"I don’t know. I’m drunk. But I would hate for you to fall in the rankings.”
“I appreciate that.”
“Which? That I’m drunk or that I care about you and want you to succeed?”
“Obviously.” Head back to a normal angle, hand back down on the bar, she leaned in and whispered, “that man is actually quite intelligent in a lot of ways,” she pointed her thumb over her shoulder to where her pseudo-ex was indeed chatting up the big-titted fox, “and he actually is a professor. Sober, he probably knows Africa isn’t a country. Honestly, it all boils down to the fact that he just sort of hates women and doesn’t know it.”
“For women everywhere,” she sat back again, “And, as it turns out, I truly loathe being called a lady. Being called a ‘lady’ is even more offensive to me somehow then his lumping all women together like we have regular meetings and a misandrist fight song.” Her whole face actually twisted with derision each time she said the word lady. The expression reminded him of how it feels to accidentally wind up tasting hand sanitizer, something which has happened to him more times than he would like.
“I would imagine Charlotte Perkins Gilman didn’t like the word ‘lady’ much either,” he said.
“Sweet jumping beans on toast! Are you kidding me? You got the reference to The Yellow Wallpaper?” She bent her elbows to the bar so she could rest her chin in her cupped hands and look up at him.
“Bless you – May I ask? Were you crafted directly by God or did he have a woman do your hands and feet like Camille did for Rodin?”
“I’m pretty sure my mom made all of me.”
“Seriously. Is that really your response?”
“Well, there are a few bumps at the seams,” he said, pointing to a rather impressive birth mark on his neck,
“but she baked me up right, fed me Jell-O, made sure I went to school.”
Something in her shifted. Through the soft cloud of booze quickly becoming a room-swirling special effect, she felt one of her many strange certainties.
Other people’s certainties suddenly broadcast.
Visible to her.
Felt inside her.
Even when those certainties, and the people they belong to, had absolutely no intention of turning on their antennae and beaming signals anywhere. And. Of course. She was too drunk not to blurt it out.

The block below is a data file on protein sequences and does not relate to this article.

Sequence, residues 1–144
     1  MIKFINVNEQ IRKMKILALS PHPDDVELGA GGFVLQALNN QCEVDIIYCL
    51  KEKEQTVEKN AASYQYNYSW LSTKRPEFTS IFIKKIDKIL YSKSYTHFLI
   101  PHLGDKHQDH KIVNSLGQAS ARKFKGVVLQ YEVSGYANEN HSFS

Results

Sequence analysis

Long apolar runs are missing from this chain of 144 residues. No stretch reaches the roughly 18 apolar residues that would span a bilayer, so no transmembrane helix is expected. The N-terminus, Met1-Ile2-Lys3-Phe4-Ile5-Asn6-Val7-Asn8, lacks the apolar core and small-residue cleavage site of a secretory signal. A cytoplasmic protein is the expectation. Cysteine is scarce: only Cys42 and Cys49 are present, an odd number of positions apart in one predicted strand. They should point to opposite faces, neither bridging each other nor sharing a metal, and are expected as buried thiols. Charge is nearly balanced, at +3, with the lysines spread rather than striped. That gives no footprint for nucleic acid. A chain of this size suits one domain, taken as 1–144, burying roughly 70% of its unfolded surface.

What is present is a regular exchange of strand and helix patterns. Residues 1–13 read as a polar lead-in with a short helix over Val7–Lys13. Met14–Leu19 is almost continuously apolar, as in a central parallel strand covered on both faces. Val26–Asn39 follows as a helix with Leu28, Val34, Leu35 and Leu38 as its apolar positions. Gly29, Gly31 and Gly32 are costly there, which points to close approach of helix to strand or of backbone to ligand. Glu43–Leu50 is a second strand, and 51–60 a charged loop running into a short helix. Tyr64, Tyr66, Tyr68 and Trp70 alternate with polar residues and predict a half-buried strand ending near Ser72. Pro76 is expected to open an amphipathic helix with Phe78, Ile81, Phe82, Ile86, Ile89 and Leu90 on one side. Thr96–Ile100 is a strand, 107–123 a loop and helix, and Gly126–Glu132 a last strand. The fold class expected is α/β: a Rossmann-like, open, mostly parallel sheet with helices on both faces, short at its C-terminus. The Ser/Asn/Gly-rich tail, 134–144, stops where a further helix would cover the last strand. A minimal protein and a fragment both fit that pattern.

“You truly, deeply, all-the-way through to bottom and back up again, love your mother. More than that, you like her. She’s your best friend. And it’s been you two against the world hasn’t it? For a long time? And some heavy stuff has gone down more recently so she’s even more on your mind than usual.” The bartender looked somewhat startled and uncomfortable and she was absolutely sure she’d ruined it. Whatever this tiny little oasis of bartender banter and Jack and hoppy, cloudy beer had been – it would be no more.
It’s what she does.
Especially when her brother isn’t around.
Dead, dead, dead, dead, dead, dead, dead…
Instead of the duck-and-cover conversational mushroom cloud she expected, however, and though the bartender did not quite regain full composure, he did hold way-the-hell on.
“You got all that from Jell-O and bumpy seams?”
“Through the beginnings of a vestibular temper tantrum no-less,” she rallied back from the ghost of the imagined mushroom cloud and pointed at the last three shot glasses in her row, “these three are kicking in and I am probably going to have stop asking for more which is very, very depressing.”
“More depressing than whatever is making you drink this much to begin with?”
“Oh. I see. It’s your turn now. Yes. I guess that’s fair.” She looked up from her menagerie of glasses and made full eye contact with her favourite bartender. She noticed that one of his eyes was lighter toned in colour than the other. Here was a man of strong features woven indelibly with kindness and genuine presence.
“Do you really want to know?” With the question, she felt her energy slip irretrievably from vaudevillian firecracker to cement-booted-sad-sack teetering on the edge of a pier. The bar lighting applied fragility to her features, he noticed, but he’d already seen her strength even through the fluff and bounce of her repartee and the veritable flood of beer and Jack.
Do I want to know? He thought.
THOUGHTS ABOUT FICTION & FEEDBACK: My human child and my fiction babies are the softest parts of my soft underbelly. All I want is for them to find good ways to be out into the world. I am also, always, at least a little terrified when they do. My teenager gets to make a lot of his own decisions about this process. My fiction must always wait for me to do the legwork.
Parts of this particular project began in a political place, so in addition to more garden variety fears about writerly suckage, I wonder if I have – in any way – overstepped my cisgender, straight whiteness, and/or relative financial securities in a haze of myopic privilege. My underbelly is always afraid I will offend people.
BOTTOM LINE: I will delete hateful comments without compunction, but I welcome meaningful, educative feedback, ideas, suggestions, and dialogue. Best, S.